One of my favorite ethical metaphors was used by Jesus during his dialogue with the publicly pious Pharisees. If these guys weren't stoning someone for a moral infraction or praying ostentatiously on street corners, they were hassling the new teacher, Jesus. He told them that they "strain out a gnat, but swallow a camel" when it comes to moral issues. The Pharisees emphasized triviality, majoring on minor points of law but ignoring weightier matters. "Dr. Laura" would be right at home with these guys — except they didn't allow women. It's a moral thing, you know.

It seems to me that gnats are the major emphasis of American morality. Then again, maybe the issue is the popular press and what sells. We don't hear nearly as much about closing economic gaps or questioning corporate values as we do about what folks do with their private parts. Sex sells, social justice doesn't.

Of course, "Dr. Laura" isn't the only religiously prejudiced person in the media spotlight. Pat Robertson comes easily to mind as he uses his own massive media empire to promote prejudice. The ugly habit of using religious writings to justify personal bigotry has a long and bloody history. Some Southern whites did this with the Bible to "prove" the "inferiority" of blacks and justify slavery. Did a religious reference make slavery right?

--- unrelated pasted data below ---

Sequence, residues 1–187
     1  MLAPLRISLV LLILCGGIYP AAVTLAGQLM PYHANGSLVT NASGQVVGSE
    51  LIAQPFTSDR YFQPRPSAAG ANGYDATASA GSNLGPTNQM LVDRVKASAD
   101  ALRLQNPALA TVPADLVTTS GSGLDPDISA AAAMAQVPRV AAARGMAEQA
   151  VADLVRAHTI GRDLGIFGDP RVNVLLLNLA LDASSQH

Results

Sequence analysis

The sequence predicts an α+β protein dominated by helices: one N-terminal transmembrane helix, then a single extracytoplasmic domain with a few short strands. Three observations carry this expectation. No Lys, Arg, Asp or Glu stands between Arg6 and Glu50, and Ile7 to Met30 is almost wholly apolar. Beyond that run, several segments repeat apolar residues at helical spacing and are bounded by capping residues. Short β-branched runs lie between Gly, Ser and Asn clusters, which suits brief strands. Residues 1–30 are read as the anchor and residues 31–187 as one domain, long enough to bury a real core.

Of course not. Religious references don't make homophobia right either.

If the prejudice of the publicly pious fell on deaf ears, it wouldn't matter what they said. Sadly, this is not the case. Hate crime statistics have consistently proven a link between absolutist messages from an "authority" and violence. Jerry Falwell seems to be the only outspoken moralist lately to understand the righteousness of pursuing tolerance. Let's hope his good example catches on.

Why isn't there a wider variety of moral voices on the air? The religious right is fond of accusing the media of being "liberal," but if you consider popular talk shows, there's an obvious concentration of conservatism. Religious folk are fond of complaining about "persecution" and "censorship" but the airwaves are full-of religiosity 24 hours a day. It's almost a cultural cliché.

Where are the shows advocating tolerance or positive morality? Where is the media hype for progressive social projects? If we're going to moralize, why don't we talk about money and materialism? Maybe this would make media tycoons uncomfortable, and I'm sure "Dr. Laura" won't give up her gold. After all, we're in an economic boom that benefits everyone, so why discuss it — right?

I have drifted off topic — or have I? Those who make a comfortable living broadcasting trivial moral perspectives are not doing this unaided. Corporate-owned media consistently support conservative agendas. Dr. Laura is on instead of Ralph Nader because her message is not a threat to the corporate status quo nor does it address our deepest, most complex moral problems. In spite of their advertising hype, corporate media don't really want us to think "outside the box" and so we get "Dr. Laura" instead of Ralph Nader.

Pious prejudice may sell, but it's just a smokescreen. Let's not allow it to distract us from the moral camels that really threaten to choke us.

Lee Carleton is a free-lance writer who lives in Richmond.

Opinions expressed on the Back Page are those of the writer and not necessarily those of Style Weekly.